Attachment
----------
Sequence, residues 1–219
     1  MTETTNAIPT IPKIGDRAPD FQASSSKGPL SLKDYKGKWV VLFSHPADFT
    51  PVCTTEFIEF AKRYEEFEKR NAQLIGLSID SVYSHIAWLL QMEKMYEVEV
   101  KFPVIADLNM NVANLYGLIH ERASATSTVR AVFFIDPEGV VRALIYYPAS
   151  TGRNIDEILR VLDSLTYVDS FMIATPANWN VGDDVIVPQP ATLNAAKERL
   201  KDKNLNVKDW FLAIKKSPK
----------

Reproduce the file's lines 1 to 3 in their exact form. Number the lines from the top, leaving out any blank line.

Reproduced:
Sequence, residues 1–219
     1  MTETTNAIPT IPKIGDRAPD FQASSSKGPL SLKDYKGKWV VLFSHPADFT
    51  PVCTTEFIEF AKRYEEFEKR NAQLIGLSID SVYSHIAWLL QMEKMYEVEV